Two of Maple Ridge’s old homes will see better days

Two of Maple Ridge’s old homes will see better days

Buildings from another era will live on

Two parts of old Haney, now Maple Ridge, are moving towards their second life in efforts to preserve the city’s history.

The Turnock-Morse residence is about six months away from completion, after being picked up and moved a few metres to its final resting spot on the corner of St. Anne Avenue where it will form a feature part of a new 64-unit condo development.

Joe Barkovich, who usually manages new projects, has learned that restoring old homes to their original state just takes time. The Cape Cod style home was built in 1938 by Joseph Turnock and is on the Maple Ridge heritage inventory.

“You just have to find the right ones (people) and be patient,” he said.

The restoration involved detailed, painstaking work such as scraping off the original bricks laid when the house was built. The original cedar shake siding is being cleaned up and repainted, then reapplied. The old, single-paned windows will also be reinstalled after being reconditioned.

There will be some new material in the house however, which will be divided lengthwise to create two condos.

The original frame was made of 2X4s, but the studs will be strapped out so the walls are 15-centimetres (six inches) thick.

The roof will also be repaired but will have new plywood and shingles to match the new condo that’s being built beside it.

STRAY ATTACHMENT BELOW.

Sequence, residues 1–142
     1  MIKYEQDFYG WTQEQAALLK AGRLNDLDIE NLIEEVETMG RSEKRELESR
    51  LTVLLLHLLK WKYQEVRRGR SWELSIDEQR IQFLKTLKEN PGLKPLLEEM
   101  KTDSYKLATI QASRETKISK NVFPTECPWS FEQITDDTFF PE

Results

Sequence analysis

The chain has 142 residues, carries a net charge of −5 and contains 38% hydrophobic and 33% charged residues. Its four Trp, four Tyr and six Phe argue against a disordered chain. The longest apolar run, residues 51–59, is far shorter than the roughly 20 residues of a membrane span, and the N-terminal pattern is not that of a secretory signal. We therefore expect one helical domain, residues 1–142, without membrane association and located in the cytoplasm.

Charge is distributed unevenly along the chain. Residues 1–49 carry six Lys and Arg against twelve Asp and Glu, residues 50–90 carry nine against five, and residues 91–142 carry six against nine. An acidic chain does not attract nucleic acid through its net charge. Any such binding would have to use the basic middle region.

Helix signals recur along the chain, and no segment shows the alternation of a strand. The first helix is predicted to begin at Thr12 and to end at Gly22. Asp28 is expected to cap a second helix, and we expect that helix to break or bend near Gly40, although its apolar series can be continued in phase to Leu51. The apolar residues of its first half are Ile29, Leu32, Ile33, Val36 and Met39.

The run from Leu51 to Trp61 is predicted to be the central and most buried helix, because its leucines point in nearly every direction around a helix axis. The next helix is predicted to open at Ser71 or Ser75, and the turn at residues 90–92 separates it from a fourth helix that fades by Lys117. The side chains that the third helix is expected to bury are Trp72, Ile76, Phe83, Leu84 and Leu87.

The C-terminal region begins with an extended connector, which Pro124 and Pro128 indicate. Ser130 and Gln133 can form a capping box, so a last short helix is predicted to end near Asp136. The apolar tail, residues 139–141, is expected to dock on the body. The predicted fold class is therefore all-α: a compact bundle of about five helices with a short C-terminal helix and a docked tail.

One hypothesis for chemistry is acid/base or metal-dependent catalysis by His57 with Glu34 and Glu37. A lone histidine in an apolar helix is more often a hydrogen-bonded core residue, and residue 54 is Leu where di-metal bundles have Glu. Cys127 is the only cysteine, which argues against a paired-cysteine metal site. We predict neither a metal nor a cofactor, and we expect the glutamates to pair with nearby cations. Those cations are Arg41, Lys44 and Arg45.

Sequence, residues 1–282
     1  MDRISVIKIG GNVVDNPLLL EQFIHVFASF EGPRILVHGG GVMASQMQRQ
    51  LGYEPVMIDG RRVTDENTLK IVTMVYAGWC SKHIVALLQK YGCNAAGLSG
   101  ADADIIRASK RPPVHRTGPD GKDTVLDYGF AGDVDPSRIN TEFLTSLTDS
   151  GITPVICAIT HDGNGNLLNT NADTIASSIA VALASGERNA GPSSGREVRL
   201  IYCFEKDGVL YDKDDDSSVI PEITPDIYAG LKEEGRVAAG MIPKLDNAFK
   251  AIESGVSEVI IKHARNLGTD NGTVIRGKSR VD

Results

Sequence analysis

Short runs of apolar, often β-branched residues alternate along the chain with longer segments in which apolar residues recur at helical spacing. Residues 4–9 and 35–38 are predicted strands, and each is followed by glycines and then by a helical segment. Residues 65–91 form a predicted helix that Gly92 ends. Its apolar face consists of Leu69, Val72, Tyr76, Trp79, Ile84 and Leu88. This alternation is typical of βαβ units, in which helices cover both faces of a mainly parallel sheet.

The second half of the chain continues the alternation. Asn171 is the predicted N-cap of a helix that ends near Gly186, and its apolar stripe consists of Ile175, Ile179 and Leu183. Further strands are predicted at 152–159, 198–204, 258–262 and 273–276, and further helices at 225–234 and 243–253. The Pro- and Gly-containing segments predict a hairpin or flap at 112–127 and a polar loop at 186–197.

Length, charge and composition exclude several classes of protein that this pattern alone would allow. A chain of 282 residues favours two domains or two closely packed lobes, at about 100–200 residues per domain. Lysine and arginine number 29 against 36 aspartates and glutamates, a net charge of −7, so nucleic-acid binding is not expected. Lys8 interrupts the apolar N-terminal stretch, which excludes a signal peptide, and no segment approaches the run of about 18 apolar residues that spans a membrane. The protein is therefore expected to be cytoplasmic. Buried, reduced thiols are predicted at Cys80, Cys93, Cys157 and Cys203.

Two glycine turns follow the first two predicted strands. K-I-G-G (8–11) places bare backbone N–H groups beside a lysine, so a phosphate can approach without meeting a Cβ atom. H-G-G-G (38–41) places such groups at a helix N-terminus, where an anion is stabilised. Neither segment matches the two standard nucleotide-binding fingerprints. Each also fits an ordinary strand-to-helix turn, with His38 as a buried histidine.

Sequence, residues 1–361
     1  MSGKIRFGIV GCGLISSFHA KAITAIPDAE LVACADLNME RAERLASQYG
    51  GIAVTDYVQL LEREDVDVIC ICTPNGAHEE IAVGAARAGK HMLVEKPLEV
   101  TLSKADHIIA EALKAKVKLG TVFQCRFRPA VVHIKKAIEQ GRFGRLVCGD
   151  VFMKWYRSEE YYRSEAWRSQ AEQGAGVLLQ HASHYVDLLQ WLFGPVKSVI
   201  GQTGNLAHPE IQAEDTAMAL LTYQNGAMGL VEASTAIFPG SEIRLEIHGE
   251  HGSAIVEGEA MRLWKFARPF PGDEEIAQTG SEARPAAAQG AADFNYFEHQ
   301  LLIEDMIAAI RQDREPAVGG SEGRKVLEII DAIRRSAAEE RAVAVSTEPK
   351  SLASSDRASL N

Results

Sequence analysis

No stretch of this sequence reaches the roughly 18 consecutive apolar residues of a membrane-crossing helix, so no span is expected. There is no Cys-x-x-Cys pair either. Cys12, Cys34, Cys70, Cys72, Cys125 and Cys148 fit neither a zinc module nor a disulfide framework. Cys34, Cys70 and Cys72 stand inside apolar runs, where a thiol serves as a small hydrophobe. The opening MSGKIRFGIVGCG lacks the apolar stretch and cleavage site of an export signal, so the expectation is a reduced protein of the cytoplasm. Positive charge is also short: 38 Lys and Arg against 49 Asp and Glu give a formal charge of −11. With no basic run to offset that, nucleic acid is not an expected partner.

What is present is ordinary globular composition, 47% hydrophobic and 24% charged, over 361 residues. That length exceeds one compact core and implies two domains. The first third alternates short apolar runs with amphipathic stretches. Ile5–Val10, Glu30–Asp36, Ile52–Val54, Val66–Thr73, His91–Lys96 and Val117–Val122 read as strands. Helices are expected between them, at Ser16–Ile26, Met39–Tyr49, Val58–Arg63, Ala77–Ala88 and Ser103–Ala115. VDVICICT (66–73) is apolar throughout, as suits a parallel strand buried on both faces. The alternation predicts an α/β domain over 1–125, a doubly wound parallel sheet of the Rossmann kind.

“Everything else is being re-engineered to today’s standards. So inside is going to be completely brand new. The outside will have the same old look,” Barkovich said.

In return for preserving and restoring the house, the developer is able to build an adjoining condo building, using two other adjacent lots. A property tax exemption for five years on the restored house, which will be turned into a duplex, is also part of the agreement.

Restoration remains to start of the other old house, the former Mussallem residence, built in 1936, that moved in May from Royal Crescent to Maple Ridge Cemetery. The relocation was required after BC Housing bought the property on Royal Crescent for use as a 55-unit modular home site, which opens this fall.

Bob Mussallem, son of former MLA George Mussallem, grew up in the house, along with brother Dave and sister Anne.

B.C. Housing paid $250,000 to help with moving the house, while an anonymous donor gave $100,000 to help relocate the building to the cemetery where it will be used as maintenance and service centre.

 

Turnock-Morse residence will be restored in about six months. (Phil Melnychuk/THE NEWS)

Turnock-Morse residence will be restored in about six months. (Phil Melnychuk/THE NEWS)